Dmitry Orlov – Definancialisation, Deglobalisation, Relocalisation

Dmitry Orlov explained why efforts to extend the lifetime of the industrial, fossil fuel-based economy are misguided and will fail. He then presented alternatives, describing how patterns of land use can be transformed into patterns of habitat creation and how informal local networks of sustainable non-fossil-fuel-based production and distribution can be created.

Dmitry Orlov was born in Leningrad and immigrated to the United States at the age of 12. He was an eyewitness to the Soviet collapse over several extended visits to his Russian homeland between the late eighties and mid-nineties. He is an engineer with a BS in Computer Engineering and an MA in Applied Linguistics. Orlov describes in his book Reinventing Collapse “the waning days of the American Empire”. He explains how the US administration finds itself mired in political crisis, how its foreign policy has come under sharp criticism; and why the economy is in steep decline. Orlov believes that these trends mirror the experience of the Soviet Union in the early 1980’s. By examining the circumstances of the demise of the Soviet superpower, Orlov offers clear insights into how the world might prepare for coming events.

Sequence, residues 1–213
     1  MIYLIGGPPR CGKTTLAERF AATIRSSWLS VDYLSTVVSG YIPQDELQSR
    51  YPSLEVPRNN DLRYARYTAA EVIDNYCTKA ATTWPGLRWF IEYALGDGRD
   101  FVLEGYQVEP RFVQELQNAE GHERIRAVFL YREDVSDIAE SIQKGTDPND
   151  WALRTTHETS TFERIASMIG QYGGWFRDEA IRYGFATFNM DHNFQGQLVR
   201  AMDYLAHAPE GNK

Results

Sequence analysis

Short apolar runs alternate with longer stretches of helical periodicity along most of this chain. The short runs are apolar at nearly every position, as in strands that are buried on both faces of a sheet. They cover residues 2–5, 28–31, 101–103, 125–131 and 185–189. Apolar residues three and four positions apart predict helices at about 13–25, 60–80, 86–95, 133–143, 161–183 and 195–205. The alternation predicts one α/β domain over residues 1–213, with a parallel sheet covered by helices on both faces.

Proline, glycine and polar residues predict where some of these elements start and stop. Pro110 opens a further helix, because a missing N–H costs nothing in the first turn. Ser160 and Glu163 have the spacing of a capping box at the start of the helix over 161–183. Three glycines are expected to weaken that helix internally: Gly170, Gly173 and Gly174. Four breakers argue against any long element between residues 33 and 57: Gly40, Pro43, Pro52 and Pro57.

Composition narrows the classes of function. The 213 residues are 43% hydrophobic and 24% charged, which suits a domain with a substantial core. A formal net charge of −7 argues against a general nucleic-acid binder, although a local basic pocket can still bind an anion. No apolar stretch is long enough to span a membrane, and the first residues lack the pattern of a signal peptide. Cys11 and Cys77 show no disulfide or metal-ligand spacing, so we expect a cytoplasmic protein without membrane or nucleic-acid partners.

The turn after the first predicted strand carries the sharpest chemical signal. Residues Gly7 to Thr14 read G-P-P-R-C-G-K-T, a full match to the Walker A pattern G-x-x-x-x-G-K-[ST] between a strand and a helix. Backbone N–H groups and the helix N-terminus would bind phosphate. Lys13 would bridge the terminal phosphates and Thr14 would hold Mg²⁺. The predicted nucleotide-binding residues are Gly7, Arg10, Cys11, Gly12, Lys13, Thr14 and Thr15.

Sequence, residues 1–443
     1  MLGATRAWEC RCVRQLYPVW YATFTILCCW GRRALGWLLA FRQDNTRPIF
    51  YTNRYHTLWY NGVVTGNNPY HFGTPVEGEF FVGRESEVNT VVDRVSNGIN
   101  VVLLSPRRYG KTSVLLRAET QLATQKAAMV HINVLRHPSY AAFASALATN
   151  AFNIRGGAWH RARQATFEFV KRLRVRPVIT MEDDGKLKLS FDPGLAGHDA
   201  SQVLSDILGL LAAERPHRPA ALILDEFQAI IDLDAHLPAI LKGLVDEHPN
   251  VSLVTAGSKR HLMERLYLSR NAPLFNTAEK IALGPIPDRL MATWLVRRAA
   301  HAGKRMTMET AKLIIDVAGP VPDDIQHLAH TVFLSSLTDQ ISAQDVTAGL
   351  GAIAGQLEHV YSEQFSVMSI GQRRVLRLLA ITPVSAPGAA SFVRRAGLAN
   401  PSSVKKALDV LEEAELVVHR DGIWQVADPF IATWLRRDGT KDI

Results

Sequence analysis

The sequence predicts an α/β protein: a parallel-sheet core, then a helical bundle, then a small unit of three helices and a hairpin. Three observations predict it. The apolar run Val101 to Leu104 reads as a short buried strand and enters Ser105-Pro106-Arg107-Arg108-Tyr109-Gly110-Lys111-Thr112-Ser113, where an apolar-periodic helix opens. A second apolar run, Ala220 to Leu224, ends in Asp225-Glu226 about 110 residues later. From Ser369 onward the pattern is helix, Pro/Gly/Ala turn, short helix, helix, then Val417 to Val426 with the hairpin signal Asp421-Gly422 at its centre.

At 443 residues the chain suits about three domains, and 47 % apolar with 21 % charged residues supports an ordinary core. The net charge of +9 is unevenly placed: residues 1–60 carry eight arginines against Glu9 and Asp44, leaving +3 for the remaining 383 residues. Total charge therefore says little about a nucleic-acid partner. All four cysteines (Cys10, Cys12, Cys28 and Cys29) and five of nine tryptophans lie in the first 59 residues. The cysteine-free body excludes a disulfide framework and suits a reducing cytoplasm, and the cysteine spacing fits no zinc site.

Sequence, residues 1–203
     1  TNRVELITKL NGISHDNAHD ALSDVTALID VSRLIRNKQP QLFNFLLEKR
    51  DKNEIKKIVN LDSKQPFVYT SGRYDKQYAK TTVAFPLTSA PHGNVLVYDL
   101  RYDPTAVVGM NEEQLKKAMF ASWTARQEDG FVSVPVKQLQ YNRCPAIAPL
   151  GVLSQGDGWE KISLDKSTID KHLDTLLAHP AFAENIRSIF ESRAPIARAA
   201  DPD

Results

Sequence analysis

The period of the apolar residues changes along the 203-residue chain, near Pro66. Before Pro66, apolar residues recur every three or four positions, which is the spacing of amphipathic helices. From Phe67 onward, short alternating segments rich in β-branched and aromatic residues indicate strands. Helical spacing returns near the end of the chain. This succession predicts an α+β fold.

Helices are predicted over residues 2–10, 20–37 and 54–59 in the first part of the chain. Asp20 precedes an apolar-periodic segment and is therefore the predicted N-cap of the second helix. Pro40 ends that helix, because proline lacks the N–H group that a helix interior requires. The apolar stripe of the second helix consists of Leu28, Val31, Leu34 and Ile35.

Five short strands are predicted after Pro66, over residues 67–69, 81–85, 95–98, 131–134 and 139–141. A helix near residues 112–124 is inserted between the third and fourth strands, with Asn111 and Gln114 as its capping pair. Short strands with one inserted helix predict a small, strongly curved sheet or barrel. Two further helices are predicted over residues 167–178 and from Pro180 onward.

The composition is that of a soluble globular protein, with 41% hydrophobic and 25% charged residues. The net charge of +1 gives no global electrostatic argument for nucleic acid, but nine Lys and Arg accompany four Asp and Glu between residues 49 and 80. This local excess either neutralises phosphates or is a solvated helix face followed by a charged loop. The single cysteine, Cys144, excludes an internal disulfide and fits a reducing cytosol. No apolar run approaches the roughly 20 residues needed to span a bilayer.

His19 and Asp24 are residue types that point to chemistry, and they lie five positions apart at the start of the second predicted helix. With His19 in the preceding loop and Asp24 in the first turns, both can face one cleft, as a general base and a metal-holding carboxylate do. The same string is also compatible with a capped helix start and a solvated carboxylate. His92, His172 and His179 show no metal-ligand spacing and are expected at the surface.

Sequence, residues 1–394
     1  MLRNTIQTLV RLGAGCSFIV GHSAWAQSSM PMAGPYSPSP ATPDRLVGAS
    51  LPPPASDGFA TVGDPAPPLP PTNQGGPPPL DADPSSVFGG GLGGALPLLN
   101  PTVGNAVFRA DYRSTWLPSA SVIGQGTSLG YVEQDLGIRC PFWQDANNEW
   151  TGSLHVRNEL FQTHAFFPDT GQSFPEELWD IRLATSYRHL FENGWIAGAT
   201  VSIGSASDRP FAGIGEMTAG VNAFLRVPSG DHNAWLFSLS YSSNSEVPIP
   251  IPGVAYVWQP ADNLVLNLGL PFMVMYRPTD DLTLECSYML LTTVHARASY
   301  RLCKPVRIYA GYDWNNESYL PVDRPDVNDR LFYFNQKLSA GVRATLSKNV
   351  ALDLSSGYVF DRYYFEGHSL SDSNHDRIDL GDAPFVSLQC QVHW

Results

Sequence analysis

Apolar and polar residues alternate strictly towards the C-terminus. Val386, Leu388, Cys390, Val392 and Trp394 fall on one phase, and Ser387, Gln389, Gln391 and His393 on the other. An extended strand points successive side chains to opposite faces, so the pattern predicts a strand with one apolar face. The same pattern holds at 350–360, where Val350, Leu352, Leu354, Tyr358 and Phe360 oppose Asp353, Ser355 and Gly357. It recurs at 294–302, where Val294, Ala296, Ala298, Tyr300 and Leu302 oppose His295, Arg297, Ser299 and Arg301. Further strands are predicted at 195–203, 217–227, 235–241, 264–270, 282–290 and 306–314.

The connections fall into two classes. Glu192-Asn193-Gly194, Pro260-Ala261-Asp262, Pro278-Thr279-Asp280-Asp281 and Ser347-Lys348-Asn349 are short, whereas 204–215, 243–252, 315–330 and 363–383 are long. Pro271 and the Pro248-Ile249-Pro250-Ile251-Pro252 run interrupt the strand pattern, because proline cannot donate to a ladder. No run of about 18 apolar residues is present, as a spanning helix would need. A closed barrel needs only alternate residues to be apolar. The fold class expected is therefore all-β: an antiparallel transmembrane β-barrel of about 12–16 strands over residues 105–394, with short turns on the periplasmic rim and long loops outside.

Recorded on day two of The New Emergency Conference: Managing Risk and Building Resilience in a Resource Constrained World. Held on 10-12 June 2009, All Hallows College, Drumcondra, Dublin 9, Ireland.

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